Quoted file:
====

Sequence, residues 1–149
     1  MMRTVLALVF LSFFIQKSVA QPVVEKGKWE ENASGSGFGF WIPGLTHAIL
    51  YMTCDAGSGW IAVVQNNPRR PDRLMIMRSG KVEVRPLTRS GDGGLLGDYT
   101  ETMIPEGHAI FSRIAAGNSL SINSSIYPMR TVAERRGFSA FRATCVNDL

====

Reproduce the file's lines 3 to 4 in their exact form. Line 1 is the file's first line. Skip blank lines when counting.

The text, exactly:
    51  YMTCDAGSGW IAVVQNNPRR PDRLMIMRSG KVEVRPLTRS GDGGLLGDYT
   101  ETMIPEGHAI FSRIAAGNSL SINSSIYPMR TVAERRGFSA FRATCVNDL